Did NYU Medical Center Leaders Cross a Political Line?

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February 24, 2014; New York Times


The New York Times reports that the chairman of the board of NYU’s Langone Medical Center and its CEO pressured employees at the hospital to make campaign contributions to politicians who were instrumental in getting it disaster aid in the wake of Super Storm Sandy in 2012. While the assertions may not technically violate any laws or regulations, they illustrate the fine line between nonprofits advocating for their causes and improper electioneering and partisan politicking.

The Times reported that less than two weeks after Hurricane Sandy made landfall, Kenneth Langone gave U.S. Senator Charles Schumer and other officials a tour of the flooding in the basement of his namesake NYU Langone Medical Center. By early the next year, Schumer and his Senate and House colleagues had approved $60 billion in post-hurricane disaster aid, with a large chunk going to the hospital.

Langone, co-founder of Home Depot and a major hospital benefactor, has been one of the biggest bundlers of campaign contributions for members of Congress. He has hosted, or plans to host, fundraisers for elected officials who helped pass the bill, including Representative Peter King, a Long Island Republican; Sen. Schumer, a Democrat; and Representative Eric Cantor, the Virginia Republican and House majority leader.

While many businesspeople view such fundraisers as the cost of doing business, they have caused “distress” among some NYU medical faculty members because Langone solicited donations from them in several mass emails, according to the paper. Late last year, before the Cantor fundraiser, Dr. Robert Grossman, the medical center’s chief executive, called out participants at a faculty meeting who had not given. Participants at the meeting told the Times that after a few took issue with Dr. Grossman’s comments, he told them that they were free to do as they wished.

Campaign finance laws generally prohibit companies from requiring that workers donate to a candidate, and experts told the paper that there appeared to be nothing illegal with Langone’s emailed solicitations. He wrote that he was acting as a private citizen and added, “I assure you that if you decide not to join me it will have no affect whatsoever on my respect and admiration for each of you.”

But the experts said Dr. Grossman’s comments could be seen as more problematic. “After you get beyond simply notification that the opportunity is there for you, and get into ‘We know who has anted up and who hasn’t,’ then you are crossing a line into an area where, should it compromise somebody’s employment or the terms of their employment, certainly it would seem to fall afoul of the law,” Barbara Lawton, president and chief executive at Americans for Campaign Reform, told the Times.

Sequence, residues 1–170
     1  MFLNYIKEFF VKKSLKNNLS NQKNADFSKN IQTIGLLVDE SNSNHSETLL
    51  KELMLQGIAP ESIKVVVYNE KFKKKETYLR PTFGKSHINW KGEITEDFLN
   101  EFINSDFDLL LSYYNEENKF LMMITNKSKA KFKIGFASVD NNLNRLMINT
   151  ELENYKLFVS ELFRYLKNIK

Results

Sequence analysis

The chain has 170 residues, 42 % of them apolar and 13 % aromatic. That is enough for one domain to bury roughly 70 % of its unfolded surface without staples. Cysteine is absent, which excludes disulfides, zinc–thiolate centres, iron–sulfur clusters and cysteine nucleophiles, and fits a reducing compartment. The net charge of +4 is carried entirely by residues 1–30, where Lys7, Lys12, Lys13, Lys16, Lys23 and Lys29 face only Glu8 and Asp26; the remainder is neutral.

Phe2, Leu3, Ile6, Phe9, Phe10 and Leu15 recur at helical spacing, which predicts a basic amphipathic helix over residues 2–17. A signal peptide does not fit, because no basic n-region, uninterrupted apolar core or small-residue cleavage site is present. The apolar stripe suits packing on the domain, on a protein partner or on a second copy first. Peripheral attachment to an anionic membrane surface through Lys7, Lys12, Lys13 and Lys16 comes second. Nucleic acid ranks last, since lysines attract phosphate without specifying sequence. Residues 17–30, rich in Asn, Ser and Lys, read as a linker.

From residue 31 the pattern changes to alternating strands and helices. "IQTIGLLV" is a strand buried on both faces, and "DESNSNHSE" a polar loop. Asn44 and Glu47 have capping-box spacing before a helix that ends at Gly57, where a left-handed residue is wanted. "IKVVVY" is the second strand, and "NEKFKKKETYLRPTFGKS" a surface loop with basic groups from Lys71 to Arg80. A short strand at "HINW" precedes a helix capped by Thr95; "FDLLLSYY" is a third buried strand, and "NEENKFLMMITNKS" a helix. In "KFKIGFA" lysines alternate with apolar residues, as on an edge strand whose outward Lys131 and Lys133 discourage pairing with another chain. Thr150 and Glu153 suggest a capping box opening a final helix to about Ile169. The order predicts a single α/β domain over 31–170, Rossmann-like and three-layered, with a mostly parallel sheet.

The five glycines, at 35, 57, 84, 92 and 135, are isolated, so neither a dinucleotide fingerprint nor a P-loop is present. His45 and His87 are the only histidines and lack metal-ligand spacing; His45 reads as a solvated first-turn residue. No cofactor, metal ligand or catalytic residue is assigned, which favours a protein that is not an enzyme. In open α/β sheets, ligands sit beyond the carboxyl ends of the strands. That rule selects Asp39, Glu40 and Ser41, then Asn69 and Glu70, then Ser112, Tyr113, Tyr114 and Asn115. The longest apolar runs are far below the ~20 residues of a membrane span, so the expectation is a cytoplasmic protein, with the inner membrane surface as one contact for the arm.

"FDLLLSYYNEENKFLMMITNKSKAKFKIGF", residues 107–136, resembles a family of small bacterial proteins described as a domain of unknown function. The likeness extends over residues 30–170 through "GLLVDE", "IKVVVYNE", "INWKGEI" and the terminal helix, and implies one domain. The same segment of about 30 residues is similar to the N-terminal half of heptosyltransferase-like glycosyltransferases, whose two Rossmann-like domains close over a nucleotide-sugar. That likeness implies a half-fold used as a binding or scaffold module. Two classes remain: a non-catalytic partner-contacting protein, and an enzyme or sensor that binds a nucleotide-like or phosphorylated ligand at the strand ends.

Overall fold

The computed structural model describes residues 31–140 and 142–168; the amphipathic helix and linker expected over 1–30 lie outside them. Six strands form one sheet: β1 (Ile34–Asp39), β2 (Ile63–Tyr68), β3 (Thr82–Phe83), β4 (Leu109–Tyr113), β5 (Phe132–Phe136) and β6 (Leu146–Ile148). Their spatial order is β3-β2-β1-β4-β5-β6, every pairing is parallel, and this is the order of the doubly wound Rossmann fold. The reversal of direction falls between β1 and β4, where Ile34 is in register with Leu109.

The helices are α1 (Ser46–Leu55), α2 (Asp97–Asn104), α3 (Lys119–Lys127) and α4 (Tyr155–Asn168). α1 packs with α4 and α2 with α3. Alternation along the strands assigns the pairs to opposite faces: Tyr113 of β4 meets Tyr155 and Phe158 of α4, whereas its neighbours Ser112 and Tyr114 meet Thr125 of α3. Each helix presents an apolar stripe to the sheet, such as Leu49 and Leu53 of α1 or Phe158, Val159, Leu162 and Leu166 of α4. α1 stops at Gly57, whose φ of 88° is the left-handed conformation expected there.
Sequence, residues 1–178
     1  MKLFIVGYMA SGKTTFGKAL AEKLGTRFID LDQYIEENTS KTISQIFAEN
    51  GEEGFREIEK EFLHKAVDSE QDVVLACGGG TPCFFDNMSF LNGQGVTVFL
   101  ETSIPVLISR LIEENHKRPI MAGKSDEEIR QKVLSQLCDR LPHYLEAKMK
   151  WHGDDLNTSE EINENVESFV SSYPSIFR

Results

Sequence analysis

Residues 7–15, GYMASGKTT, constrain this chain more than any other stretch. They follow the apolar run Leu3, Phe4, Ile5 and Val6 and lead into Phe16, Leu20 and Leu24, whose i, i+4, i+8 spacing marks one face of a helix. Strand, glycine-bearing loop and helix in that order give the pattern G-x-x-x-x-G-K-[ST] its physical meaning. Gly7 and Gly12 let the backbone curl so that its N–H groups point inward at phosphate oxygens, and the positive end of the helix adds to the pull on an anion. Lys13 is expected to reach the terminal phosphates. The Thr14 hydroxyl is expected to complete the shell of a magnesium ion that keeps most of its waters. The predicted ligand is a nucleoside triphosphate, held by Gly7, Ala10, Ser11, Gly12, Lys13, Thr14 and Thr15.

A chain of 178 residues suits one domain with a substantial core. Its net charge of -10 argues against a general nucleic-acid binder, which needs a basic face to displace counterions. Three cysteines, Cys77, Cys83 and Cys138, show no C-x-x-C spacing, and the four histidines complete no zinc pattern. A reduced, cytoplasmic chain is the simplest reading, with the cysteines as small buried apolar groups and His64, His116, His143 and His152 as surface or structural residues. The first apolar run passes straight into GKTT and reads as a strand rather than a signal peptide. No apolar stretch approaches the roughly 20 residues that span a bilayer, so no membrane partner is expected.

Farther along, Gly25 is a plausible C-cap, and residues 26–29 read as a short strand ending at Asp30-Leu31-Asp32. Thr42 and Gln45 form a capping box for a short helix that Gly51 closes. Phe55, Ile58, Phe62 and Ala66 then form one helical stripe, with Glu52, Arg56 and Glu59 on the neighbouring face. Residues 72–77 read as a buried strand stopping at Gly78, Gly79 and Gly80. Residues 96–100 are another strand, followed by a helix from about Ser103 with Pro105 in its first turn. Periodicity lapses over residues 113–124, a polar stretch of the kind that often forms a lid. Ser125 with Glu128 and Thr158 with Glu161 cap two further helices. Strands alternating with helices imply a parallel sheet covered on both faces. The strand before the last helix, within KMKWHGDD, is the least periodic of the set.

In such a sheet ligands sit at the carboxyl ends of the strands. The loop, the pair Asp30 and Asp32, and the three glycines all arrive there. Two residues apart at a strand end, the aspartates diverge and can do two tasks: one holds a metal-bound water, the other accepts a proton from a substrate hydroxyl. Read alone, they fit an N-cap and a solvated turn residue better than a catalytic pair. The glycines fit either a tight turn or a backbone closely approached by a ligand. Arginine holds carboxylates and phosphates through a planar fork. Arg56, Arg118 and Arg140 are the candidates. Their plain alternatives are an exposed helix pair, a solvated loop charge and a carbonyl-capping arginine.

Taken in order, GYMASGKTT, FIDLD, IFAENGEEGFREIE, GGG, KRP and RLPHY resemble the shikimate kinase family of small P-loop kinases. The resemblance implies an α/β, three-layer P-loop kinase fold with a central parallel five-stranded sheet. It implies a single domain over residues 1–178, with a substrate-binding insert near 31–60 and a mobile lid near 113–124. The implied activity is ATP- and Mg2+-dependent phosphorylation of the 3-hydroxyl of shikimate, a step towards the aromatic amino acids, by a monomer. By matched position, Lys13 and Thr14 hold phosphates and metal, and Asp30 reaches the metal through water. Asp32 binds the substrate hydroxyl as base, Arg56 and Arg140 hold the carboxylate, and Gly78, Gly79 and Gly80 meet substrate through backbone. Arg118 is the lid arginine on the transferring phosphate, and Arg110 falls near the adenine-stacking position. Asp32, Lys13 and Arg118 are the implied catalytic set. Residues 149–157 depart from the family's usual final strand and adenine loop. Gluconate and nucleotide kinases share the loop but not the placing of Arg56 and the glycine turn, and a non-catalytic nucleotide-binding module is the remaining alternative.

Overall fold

A former general counsel for the Federal Election Commission (FEC) told the paper that as a supervisor, Dr. Grossman had made comments that could be construed as coercive, but that they probably were not illegal, since he had also told faculty members that they were not required to give. But “when you’re told, ‘Oh, you shouldn’t feel threatened by this,’ the first thing you feel is threatened,” one faculty member told the Times.

Langone defended the emails, saying that the fundraisers were a way of giving thanks to elected officials who helped the medical center out when it needed it. Dr. Grossman said the fundraising was justified because the damage from the storm was unprecedented.

A spokeswoman for NYU Langone said that they did not know who had given, despite Dr. Grossman’s comments at the faculty meeting. The medical center has received $180 million in hurricane aid, money that has helped the hospital quickly fix the storm damage. Ironically, Langone was a patient at the hospital during the storm and had to be evacuated.

In addition to FEC laws governing solicitation of campaign contributions by employers, the Internal Revenue Service has clear rules regarding the involvement of 501(c)(3) nonprofits, such as NYU Langone, in electioneering. C3’s are strictly prohibited from supporting candidates for partisan office, either by campaigning or donating funds; however, their employees and board members are free to support whatever candidates they like. This rule does not fully apply to the more political 501(c)(4)’s that have been getting so much negative media coverage over the past few years.

NYU has rules prohibiting employees from engaging in any political activity that involves the school, although Langone is not an employee, but chairman of the board. And not all faculty saw the requests as intimidating, saying they did not feel especially threatened and that they were general in nature. However, some faculty members opposed being asked to give to Republicans, who clashed with their own more liberal politics.

The campaign finance records the Times reviewed show Sen. Schumer doing better than Rep. Cantor among hospital employees. Representatives for the three elected officials said that each had simply helped an institution that needed it, and never expected any fundraising in return.—Larry Kaplan